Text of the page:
Amniocentesis was offered, requesting array-CGH and molecular study through a massive panel sequencing of 16 genes related to Noonan Spectrum Disorders (RASopathies), finding no pathogenic mutations in the sequences analyzed.
The analysis by array-CGH of the DNA extracted from uncultivated amniocytes obtained a result of arr (hg19) 12p13p11 (222,688-34,345,726) × 4 and male genomic pattern (Figure 2A). A gain of chromosomal material was detected in the entire short arm of chromosome 12, compatible with Pallister–Killian Syndrome (PKS) (Figure 2B). After obtaining the result, we proceeded to perform karyotype from a sample of amniotic fluid kept in culture in the Genetics Service to visualize the 12p isochromosome and confirm this finding. To our surprise, however, 3 weeks after its extraction, the result of the conventional cytogenetic showed a normal karyotype, probably due to clonal selection of normal diploid cells over the tetrasomal ones during the culturing process. The couple was informed of these results, deciding to terminate the pregnancy. Unfortunately, termination of pregnancy was carried out in a different center and no autopsy report was available.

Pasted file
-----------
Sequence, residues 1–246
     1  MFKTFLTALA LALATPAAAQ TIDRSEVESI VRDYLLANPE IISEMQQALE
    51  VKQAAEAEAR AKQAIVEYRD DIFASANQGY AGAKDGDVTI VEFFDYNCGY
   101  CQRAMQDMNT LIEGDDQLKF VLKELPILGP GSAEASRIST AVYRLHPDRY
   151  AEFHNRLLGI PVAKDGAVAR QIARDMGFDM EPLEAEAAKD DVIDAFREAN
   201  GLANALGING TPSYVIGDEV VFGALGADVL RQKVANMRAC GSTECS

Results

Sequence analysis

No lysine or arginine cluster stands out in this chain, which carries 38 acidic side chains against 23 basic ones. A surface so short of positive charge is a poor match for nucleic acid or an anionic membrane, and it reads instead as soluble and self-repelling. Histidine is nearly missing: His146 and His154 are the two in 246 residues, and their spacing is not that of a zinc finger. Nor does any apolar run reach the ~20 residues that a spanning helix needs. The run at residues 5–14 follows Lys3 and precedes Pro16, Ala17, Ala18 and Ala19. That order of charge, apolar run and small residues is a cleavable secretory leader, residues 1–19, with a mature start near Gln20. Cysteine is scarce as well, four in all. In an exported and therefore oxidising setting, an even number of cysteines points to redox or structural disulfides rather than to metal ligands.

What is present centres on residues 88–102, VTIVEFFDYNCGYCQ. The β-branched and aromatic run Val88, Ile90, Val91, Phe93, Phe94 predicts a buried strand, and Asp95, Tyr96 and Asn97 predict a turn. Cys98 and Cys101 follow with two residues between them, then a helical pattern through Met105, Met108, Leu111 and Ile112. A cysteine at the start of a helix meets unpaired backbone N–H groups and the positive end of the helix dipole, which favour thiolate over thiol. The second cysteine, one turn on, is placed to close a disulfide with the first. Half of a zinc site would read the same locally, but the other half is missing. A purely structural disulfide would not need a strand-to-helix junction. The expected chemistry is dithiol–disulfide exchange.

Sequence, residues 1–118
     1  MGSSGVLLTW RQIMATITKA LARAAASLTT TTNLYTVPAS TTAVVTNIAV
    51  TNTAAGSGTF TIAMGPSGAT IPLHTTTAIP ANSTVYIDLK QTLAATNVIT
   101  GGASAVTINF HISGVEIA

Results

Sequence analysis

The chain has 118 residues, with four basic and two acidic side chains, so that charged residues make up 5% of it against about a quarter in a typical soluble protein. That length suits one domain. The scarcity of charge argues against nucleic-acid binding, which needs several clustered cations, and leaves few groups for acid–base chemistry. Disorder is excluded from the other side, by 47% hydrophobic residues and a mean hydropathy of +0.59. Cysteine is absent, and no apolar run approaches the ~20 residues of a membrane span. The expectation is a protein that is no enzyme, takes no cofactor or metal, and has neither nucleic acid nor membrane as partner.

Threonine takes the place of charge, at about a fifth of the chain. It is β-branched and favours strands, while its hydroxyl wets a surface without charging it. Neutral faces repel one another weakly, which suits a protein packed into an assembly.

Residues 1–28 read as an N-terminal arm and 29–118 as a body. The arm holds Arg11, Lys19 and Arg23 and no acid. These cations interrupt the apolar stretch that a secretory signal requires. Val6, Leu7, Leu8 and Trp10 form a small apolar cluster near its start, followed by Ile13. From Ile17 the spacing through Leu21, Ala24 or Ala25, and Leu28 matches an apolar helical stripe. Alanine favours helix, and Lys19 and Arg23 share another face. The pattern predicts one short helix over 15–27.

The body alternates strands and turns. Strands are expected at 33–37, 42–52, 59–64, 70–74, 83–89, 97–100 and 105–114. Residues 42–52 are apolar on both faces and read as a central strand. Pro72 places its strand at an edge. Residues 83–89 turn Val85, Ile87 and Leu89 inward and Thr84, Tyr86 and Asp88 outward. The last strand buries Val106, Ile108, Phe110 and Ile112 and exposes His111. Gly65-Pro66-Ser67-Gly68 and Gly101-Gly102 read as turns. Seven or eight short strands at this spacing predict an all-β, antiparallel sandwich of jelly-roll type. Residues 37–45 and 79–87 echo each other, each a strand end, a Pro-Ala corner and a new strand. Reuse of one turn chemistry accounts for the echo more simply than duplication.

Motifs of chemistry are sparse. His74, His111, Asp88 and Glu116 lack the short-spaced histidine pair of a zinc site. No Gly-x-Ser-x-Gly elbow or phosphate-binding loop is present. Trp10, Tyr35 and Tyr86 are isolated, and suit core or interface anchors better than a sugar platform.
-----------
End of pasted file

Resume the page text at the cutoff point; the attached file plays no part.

3. Discussion